By Danielle Woodward
Mason Times staff writer
MASON—Just when it seemed students could not be learning foreign language any younger, Mason School Board raised the bar, implementing a second grade Spanish class into Alaiedon Elementary School that runs 40 minutes a week for 10 weeks.
The students, taught by Elementary Spanish teacher Jessica Curtis, were able to present their progress at the school board’s meeting March 11.
“She comes very well qualified, she has only been able to teach Spanish and it shows. If I could describe it, she’s happy when she teaches and she wants everybody else to feel just as happy about learning Spanish,” said Alaiedon Principal Lisa Francisco
Curtis first presented a slide show featuring advantages of learning a second language, the curriculum outline, and how students’ progress would be assessed.
“Students are able to improve their cognitive development, their ideas, and their communication skills when learning a second language,” said Curtis.
Topics in the curriculum include: Greetings, alphabet, numbers, colors, animals, family, food, body parts, clothing and weather.
Curtis said she uses methods such as TPR, Total Physical Response, as well as songs, books, games and props to teach the children.
“As far as assessment goes, a lot of it is based on TPR, peer observations, interviewing each student, participation in games and skits, questionnaires, group performances, and negotiation of meaning,” said Curtis
Students presented what they had learned, including introductions, their “Buenos Dias” warmup and weather songs, counting from 1-20, and a TPR assessment.
Curtis explained that this class, new this year, was an exploratory class meant to prepare students for third grade Spanish.
Mason School Superintendent Mark Dillingham said,“We’ve always had Spanish in grades 3-5 for the last four years but this year we had some time freed up so we met with our principle and decided that we could add an enrichment for grade 2”.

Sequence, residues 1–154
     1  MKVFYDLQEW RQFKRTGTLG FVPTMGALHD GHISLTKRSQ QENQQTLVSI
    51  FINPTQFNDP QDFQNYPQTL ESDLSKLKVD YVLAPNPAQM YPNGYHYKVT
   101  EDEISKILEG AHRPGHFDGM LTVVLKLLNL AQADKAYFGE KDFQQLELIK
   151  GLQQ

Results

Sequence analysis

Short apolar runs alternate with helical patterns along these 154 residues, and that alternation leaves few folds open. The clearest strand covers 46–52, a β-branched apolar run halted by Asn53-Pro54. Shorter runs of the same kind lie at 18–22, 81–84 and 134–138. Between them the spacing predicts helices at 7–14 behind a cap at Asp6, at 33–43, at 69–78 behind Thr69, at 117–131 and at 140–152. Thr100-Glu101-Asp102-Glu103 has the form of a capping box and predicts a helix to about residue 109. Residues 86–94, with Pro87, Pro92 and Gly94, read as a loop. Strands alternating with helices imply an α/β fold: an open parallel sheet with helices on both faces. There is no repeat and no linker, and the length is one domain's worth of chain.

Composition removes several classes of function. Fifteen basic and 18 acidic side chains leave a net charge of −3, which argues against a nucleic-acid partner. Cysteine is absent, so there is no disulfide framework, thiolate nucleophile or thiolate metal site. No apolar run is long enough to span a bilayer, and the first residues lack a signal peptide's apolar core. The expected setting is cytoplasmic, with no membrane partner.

“If there’s extra time in a teacher’s schedule and we can maximize the time that we are paying them for, then we will have it, however next year we can’t guarantee that.”
Serena VandenBussche, parent of second grade Spanish student Holly, noted that her daughter loves the program and comes home eager to show the family songs and skits she learns in class.
“I think teaching them at a younger age will help solidify a better foundation for them when they do start to learn more in depth parts of the language.”
Francisco noted it is easier for children to learn a second language when they are younger because they can still create connections in the brain to learn on a Spanish pathway all its own rather than through English.
Curtis, going on her fifth year teaching Spanish, said she gained interest in the language during a high school trip abroad, and always knew during college that she wanted to teach younger children.
Her favorite part of teaching children is their ability to pick up the language so fast.
“They are not afraid to use it or make mistakes so they really are unfiltered in their use of the language. They thrive on it, they love the games, the pronunciation, the activities, and it is great to watch.”